My previous stops included San FranciscoLos AltosNapa ValleyConcord, and Oakland.

So where will I be headed next?

Main Street, U.S.A.

Museum on Main Street viewed from across the street. Photo Credit: Accidental Travel Writer.

Pleasanton has a charming downtown district.  There are numerous buildings from the early 20th Century.

In fact, some of the buildings date back to the late 1800s.

Most importantly, the streets are lined with ancient trees. And they provide shade in the torrid summer months.

In my view, Main Street, Pleasanton, is a bit like the legendary Main Street, U.S.A.!

Pleasanton Hotel. Photo Credit: Accidental Travel Writer.

Remnants from a bygone era line many of the streets. For example, the historic Pleasanton Hotel still stands. Has it been given a new lease on life?

Many of the original commercial buildings have been re-purposed into new uses. And new buildings have been designed to fit in with their historic neighbors.

Kolln Hardware Building

Kolln Hardware Building. Photo Credit: Accidental Travel Writer.

Perhaps most noteworthy is a wooden structure at  600 Main Street.

Originally housing a hardware store, the Kolln Hardware building was completed in 1890. It was renovated and re-purposed into a bank in 2004.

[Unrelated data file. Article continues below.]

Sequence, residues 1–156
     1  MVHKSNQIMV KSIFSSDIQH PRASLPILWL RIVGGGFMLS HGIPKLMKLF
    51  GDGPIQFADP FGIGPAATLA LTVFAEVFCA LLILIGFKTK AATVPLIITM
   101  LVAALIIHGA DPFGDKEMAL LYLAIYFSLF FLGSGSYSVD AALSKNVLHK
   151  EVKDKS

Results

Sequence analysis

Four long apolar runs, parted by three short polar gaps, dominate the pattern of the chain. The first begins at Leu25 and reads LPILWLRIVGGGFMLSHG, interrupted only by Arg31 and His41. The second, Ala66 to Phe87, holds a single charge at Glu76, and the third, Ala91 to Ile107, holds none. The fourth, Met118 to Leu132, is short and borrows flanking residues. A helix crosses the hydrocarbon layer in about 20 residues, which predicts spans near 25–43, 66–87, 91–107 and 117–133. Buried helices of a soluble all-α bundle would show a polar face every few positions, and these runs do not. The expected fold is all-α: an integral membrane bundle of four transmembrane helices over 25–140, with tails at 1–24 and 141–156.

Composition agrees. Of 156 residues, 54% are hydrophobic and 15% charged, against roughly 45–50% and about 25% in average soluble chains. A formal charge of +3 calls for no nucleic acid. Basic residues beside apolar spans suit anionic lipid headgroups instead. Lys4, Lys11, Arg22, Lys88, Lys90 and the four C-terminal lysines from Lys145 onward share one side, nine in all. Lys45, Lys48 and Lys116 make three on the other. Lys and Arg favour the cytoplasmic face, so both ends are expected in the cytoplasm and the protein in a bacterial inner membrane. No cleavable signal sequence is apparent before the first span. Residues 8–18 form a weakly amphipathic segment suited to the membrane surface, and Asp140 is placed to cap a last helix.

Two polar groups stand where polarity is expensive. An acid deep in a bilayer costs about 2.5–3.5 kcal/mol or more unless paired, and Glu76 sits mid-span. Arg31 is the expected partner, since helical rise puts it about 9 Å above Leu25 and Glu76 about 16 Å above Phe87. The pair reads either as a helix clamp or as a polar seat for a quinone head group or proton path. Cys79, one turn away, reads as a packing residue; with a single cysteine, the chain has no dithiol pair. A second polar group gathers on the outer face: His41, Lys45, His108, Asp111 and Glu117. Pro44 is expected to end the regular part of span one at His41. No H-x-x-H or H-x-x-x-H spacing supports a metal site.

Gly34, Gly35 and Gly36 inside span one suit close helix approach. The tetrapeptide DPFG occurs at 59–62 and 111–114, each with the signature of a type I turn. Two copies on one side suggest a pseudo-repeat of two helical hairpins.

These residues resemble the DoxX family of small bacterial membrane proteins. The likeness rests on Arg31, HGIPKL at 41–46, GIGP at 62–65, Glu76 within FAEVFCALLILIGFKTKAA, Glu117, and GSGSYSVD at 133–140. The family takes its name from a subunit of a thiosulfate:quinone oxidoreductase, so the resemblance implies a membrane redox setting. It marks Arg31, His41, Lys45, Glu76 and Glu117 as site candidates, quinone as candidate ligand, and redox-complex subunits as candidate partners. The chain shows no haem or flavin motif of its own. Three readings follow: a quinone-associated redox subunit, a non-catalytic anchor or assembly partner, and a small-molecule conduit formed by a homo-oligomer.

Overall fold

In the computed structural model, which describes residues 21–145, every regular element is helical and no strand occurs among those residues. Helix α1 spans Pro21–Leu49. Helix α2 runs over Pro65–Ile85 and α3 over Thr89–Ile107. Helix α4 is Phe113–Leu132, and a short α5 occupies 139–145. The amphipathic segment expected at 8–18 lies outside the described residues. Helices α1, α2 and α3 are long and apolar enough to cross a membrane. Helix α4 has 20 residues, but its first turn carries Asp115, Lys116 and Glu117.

The wooden structure features Commercial Italianate, Colonial Revival, and Queen Anne influences.

Some of the original residences have been turned into professional offices.

But the district still has pockets with a residential feeling.

Historic Pleasanton Train Station. Photo Credit: Accidental Travel Writer.

While the city is now served by Bay Area Rapid Transit (BART), the old railroad station still stands.

Has it been turned into professional office space?

Meadowlark Dairy

Meadowlark Dairy exterior. Photo Credit: Accidental Travel Writer.
Meadowlark Dairy drive-through. Photo Credit: Accidental Travel Writer.

The Meadowlark Dairy is a Pleasanton landmark! And it has a history of close to 100 years.

Most importantly, it was the first certified dairy in California. And it moved to its current location in 1969.

Firstly, the dairy sells a wide variety of premium milk and milk by-products. Secondly, there are all kinds of ice cream.

Finally, there are lunch meats, bacon, hot dogs, potato chips, condiments, and various other snacks. 

What to Do in Pleasanton, California

Downtown Pleasanton offers more than a walk down Memory Lane.

Firehouse Arts Center